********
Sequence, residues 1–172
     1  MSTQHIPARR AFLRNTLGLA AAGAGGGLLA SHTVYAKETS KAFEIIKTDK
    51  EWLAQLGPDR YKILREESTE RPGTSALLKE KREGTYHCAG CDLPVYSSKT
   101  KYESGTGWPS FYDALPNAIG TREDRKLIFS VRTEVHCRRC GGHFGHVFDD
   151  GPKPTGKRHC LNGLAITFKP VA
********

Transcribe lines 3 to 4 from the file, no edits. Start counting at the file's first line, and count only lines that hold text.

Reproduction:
    51  EWLAQLGPDR YKILREESTE RPGTSALLKE KREGTYHCAG CDLPVYSSKT
   101  KYESGTGWPS FYDALPNAIG TREDRKLIFS VRTEVHCRRC GGHFGHVFDD